"Merlin, in his malice, has woven a spell about this dungeon, and there bides not the man in these kingdoms that would be desperate enough to essay to cross its lines with you! Now God pity me, I have told it! Ah, be kind to me, be merciful to a poor boy who means thee well; for an thou betray me I am lost!"
I laughed the only really refreshing laugh I had had for some time; and shouted:
"Merlin has wrought a spell! _Merlin_, forsooth! That cheap old humbug, that maundering old ass? Bosh, pure bosh, the silliest bosh in the world! Why, it does seem to me that of all the childish, idiotic, chuckle-headed, chicken-livered superstitions that ev-- oh, damn Merlin!"
But Clarence had slumped to his knees before I had half finished, and he was like to go out of his mind with fright.
"Oh, beware! These are awful words! Any moment these walls may crumble upon us if you say such things. Oh call them back before it is too late!"
Now this strange exhibition gave me a good idea and set me to thinking. If everybody about here was so honestly and sincerely afraid of Merlin's pretended magic as Clarence was, certainly a superior man like me ought to be shrewd enough to contrive some way to take advantage of such a state of things. I went on thinking, and worked out a plan. Then I said:
"Get up. Pull yourself together; look me in the eye. Do you know why I laughed?"
"No--but for our blessed Lady's sake, do it no more."
"Well, I'll tell you why I laughed. Because I'm a magician myself."
"Thou!" The boy recoiled a step, and caught his breath, for the thing hit him rather sudden; but the aspect which he took on was very, very respectful. I took quick note of that; it indicated that a humbug didn't need to have a reputation in this asylum; people stood ready to take him at his word, without that. I resumed.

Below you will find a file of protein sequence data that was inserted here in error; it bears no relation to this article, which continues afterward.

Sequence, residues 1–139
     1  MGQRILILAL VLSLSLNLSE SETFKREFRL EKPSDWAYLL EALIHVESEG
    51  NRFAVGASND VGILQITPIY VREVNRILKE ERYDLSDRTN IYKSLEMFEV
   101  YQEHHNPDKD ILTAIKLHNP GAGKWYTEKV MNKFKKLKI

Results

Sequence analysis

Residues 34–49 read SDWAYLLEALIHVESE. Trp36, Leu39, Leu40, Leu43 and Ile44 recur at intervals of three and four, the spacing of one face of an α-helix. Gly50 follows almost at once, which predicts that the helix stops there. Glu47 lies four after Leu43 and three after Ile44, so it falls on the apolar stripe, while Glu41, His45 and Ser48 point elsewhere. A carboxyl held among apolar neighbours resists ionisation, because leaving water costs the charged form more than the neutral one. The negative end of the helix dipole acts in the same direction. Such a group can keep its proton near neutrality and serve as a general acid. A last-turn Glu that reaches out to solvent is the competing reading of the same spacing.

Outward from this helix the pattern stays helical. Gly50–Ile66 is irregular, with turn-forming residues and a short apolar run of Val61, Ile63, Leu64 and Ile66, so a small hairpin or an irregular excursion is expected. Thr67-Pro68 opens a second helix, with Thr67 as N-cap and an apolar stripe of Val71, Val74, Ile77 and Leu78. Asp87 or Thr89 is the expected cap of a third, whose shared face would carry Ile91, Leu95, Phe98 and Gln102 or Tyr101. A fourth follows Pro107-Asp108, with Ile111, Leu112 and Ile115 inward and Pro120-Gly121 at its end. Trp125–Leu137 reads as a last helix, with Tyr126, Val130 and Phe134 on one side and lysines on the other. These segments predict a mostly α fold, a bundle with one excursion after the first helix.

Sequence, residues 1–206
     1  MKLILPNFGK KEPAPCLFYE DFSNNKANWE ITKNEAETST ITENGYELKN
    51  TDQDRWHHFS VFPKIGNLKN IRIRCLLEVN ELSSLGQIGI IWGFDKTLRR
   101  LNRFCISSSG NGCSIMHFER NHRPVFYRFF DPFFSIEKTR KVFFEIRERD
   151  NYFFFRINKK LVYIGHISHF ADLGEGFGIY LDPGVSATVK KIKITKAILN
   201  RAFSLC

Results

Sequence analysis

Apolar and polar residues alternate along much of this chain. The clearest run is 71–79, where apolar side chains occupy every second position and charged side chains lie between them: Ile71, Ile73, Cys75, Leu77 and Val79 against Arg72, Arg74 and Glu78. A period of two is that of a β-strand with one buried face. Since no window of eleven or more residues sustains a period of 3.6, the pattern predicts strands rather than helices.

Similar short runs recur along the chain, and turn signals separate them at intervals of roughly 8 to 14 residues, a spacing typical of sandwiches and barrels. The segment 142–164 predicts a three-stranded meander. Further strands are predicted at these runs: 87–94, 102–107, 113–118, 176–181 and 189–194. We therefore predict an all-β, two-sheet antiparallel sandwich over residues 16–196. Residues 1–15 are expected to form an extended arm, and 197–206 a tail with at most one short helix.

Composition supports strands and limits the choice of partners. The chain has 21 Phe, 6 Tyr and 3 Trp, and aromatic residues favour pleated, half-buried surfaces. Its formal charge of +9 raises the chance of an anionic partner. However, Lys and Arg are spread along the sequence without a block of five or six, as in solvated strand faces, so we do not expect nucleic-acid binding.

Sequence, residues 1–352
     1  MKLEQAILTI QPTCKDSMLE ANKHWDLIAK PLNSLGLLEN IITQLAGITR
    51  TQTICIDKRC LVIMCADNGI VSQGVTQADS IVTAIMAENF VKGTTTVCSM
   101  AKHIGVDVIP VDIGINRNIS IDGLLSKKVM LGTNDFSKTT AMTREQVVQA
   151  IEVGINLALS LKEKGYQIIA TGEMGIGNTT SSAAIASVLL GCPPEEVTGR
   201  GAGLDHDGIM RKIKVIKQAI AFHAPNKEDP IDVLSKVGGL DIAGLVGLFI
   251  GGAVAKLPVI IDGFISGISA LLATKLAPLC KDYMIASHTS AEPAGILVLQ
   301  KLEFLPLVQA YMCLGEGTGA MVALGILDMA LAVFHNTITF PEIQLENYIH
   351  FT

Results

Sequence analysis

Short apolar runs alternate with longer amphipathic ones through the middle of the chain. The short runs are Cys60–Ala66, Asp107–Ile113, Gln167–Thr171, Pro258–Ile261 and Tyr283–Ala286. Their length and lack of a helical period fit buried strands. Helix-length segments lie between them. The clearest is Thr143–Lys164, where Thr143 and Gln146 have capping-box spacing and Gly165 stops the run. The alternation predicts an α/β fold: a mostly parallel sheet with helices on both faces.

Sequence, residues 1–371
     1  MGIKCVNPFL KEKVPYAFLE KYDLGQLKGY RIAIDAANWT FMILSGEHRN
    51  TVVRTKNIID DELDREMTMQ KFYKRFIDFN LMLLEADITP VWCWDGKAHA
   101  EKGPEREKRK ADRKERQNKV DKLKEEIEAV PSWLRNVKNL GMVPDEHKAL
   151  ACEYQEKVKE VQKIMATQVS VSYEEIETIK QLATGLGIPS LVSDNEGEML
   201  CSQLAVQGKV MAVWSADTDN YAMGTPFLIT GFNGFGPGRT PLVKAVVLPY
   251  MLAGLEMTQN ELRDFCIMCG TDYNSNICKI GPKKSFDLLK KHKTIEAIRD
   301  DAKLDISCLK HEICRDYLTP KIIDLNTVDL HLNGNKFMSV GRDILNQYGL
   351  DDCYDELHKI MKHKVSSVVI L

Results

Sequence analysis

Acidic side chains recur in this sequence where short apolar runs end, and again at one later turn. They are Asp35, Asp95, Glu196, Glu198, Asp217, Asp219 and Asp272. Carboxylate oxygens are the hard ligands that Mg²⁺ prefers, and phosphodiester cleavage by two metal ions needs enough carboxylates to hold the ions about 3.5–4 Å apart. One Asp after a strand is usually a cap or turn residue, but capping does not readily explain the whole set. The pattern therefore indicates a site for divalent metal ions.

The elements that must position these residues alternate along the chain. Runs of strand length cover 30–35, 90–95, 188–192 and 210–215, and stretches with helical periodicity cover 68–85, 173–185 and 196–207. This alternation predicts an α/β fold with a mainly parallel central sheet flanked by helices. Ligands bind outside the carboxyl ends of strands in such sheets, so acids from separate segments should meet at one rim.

"I've know Merlin seven hundred years, and he--"
"Don't interrupt me. He has died and come alive again thirteen times, and traveled under a new name every time: Smith, Jones, Robinson, Jackson, Peters, Haskins, Merlin--a new alias every time he turns up. I knew him in Egypt three hundred years ago; I knew him in India five hundred years ago--he is always blethering around in my way, everywhere I go; he makes me tired. He don't amount to shucks, as a magician; knows some of the old common tricks, but has never got beyond the rudiments, and never will. He is well enough for the provinces--one-night stands and that sort of thing, you know--but dear me, _he_ oughtn't to set up for an expert--anyway not where there's a real artist. Now look here, Clarence, I am going to stand your friend, right along, and in return you must be mine. I want you to do me a favor. I want you to get word to the king that I am a magician myself--and the Supreme Grand High-yu-Muck-amuck and head of the tribe, at that; and I want him to be made to understand that I am just quietly arranging a little calamity here that will make the fur fly in these realms if Sir Kay's project is carried out and any harm comes to me. Will you get that to the king for me?"
The poor boy was in such a state that he could hardly answer me. It was pitiful to see a creature so terrified, so unnerved, so demoralized. But he promised everything; and on my side he made me promise over and over again that I would remain his friend, and never turn against him or cast any enchantments upon him. Then he worked his way out, staying himself with his hand along the wall, like a sick person.
Presently this thought occurred to me: how heedless I have been! When the boy gets calm, he will wonder why a great magician like me should have begged a boy like him to help me get out of this place; he will put this and that together, and will see that I am a humbug.
I worried over that heedless blunder for an hour, and called myself a great many hard names, meantime. But finally it occurred to me all of a sudden that these animals didn't reason; that _they_ never put this and that together; that all their talk showed that they didn't know a discrepancy when they saw it.